Tait: Scots Will Have Point To Prove

Scotland defence coach Alan Tait believes that Scotland have everything to play for tomorrow ahead of two of their most important Rugby World Cup pool games, and that includes showing the coaches they selected the right team. The Scots are currently sitting in second place in Pool C behind tomorrow's opposition New Zealand due to points difference. Although the visitors to Murrayfield are ranked number one in the world and favourites to win the tournament, the Scotland XV will have a point to prove which, Tait believes, can only benefit the squad. Scotland defence coach Alan Tait believes that Scotland have everything to play for tomorrow ahead of two of their most important Rugby World Cup pool games, and that includes showing the coaches they selected the right team.

The Scots are currently sitting in second place in Pool C behind tomorrow’s opposition New Zealand due to points difference. Although the visitors to Murrayfield are ranked number one in the world and favourites to win the tournament, the Scotland XV will have a point to prove which, Tait believes, can only benefit the squad.

Speaking after an untroubled captain's run at Murrayfield tonight he said: “The good thing about it is the guys that are playing tomorrow are champing at the bit to start. They’ve trained all summer to get a game in the World Cup and John Barclay, for one, is desperate to get a go. It's great to see John and Alasdair Dickinson getting their caps. The opportunity for them is immense and something they’ll never forget for the rest of their lives. They certainly deserve it.

“All these boys in the starting fifteen have been part of the squad and trained really well all summer. It’s just unfortunate we have not had more games and therefore they’ve not played much rugby.

“Hugo Southwell has been kept out in the previous games by Rory Lamont who has been in form so he’ll be desperate to have a go and show what he can do at full back. He’s a really good player and pushing for a place in the side while Rory doesn’t wasn’t to let the shirt go and is playing out of his skin so Hugo needs a game to prove to the coaches he’s still in the reckoning. That is the key to success - you have to have guys fighting for places."

Tait reiterated the importance of using all thirty players in the squad, not only to create competition, but because of the short turnaround time between games. Scotland had a break of nine days after their first bonus-point victory over Portugal, before having to play three pool games within 11 days.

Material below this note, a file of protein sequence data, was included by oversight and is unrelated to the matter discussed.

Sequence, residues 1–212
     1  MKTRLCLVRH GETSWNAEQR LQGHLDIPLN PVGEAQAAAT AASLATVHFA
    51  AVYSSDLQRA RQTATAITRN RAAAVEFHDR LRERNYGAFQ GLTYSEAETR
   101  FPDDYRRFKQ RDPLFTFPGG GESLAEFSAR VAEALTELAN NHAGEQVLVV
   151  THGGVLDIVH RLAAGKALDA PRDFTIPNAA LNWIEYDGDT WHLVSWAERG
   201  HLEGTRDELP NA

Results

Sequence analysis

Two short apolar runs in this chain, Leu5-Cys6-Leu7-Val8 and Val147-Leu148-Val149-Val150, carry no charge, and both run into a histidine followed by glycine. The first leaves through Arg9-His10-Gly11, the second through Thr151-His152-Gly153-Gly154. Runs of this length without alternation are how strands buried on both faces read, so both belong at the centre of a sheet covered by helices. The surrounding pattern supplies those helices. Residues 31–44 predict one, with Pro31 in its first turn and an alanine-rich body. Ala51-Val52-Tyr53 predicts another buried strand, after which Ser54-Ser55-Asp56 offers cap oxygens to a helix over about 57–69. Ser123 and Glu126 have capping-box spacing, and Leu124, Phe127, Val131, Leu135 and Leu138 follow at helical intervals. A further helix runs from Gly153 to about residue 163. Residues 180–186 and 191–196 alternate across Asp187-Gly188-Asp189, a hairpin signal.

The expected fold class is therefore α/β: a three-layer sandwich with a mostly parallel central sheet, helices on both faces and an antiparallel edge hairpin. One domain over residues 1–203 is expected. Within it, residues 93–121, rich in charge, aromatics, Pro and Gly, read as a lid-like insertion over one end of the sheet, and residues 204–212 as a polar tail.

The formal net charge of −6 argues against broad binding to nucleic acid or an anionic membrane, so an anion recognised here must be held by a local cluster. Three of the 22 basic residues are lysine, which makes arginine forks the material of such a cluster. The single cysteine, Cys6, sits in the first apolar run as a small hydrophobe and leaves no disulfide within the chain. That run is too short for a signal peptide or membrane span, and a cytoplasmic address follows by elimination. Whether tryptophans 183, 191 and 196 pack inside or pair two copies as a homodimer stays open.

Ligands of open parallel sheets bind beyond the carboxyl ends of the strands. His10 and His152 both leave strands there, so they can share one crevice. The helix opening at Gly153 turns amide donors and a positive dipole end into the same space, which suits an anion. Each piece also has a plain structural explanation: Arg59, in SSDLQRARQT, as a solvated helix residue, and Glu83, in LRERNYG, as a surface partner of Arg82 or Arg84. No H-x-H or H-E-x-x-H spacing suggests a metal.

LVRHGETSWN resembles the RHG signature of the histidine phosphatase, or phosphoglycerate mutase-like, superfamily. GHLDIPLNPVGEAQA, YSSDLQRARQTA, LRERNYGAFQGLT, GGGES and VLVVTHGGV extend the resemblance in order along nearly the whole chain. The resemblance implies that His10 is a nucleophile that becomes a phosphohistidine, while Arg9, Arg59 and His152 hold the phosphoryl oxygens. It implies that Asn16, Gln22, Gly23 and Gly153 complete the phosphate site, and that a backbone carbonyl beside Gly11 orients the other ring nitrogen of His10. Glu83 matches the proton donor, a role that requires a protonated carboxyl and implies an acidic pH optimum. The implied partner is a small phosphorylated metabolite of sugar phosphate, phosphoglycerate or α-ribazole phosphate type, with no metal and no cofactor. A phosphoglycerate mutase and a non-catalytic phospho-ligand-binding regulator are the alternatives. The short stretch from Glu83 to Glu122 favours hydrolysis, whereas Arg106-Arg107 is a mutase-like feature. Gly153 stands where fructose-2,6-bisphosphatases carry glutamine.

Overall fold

He said: “Regardless of the opposition, these pool games are important and the next one against Italy is massive – I cannot say how huge it is for Scottish rugby and we have to look at that as well.”

Although the timetable of pool matches is tight, the former British Lion believes the order in which they’ve faced their opposition has been beneficial, allowing them to build in intensity from their opening match against World Cup debutants Portugal to last Tuesday’s harder game against Romania.


“When the players got off the bus at Murrayfield ahead of the game against Romania, they were deadly silent. They were completely focussed. Watching Romania play Italy, it got the guys really focussed. It will be the same tomorrow - we’ll take them seriously and although there may be a few nerves from some of the guys, they will be totally focussed.


“The way it has worked out with the easier games against Portugal and Romania at the start, you want to get a team playing together and try and settle on a side although there are still opportunities out there for the guys tomorrow to put their hands up. The team is not yet picked for Italy and everyone will be in the reckoning for that game when the coaches sit down and discuss it after the New Zealand game.”

New Zealand are, as Tait knows from his playing days, a “massive challenge”, but one, he knows as a coach, can be overcome. He said:

“When I first started in this job, Jim Telfer and Ian McGeechan asked me what it takes to beat a southern hemisphere side, and I said if you keep them below 20 points, you are always in with a chance. Nowadays, I think you have to keep the opposition below 26 and obviously you have to score that number of points too, to have that opportunity. The main thing is to stop them getting the bonus point and then you have a chance of beating them.”

The New Zealand side will not be sporting their traditional all black kit tomorrow, but their ambition to win the tournament will still be easily recognisable. They are the favourites, but have only managed to lift the World Cup once, back in the inaugural competition twenty years ago.

“Everyone knows it always in the hands of New Zealand and I think sometimes the tension gets too much for them. It seems like the expectation builds up over four years and the pressure is bigger for them than for any other team to win the competition.”

For Scotland, a victory is a big ask, given they have never beaten New Zealand in 25 tests, and have only recorded two draws during that 102-year period. The stats, however, will not feature in the Scots minds tomorrow afternoon.

Tait concluded:“Every team knows that if they keep up with New Zealand and keep the score close to the end then anything can happen. Our players have all worked well as a group of 30 and they have that fighting spirit to help them on their way to a result tomorrow.”

The Pool C match at Murrayfield kicks off at 4pm.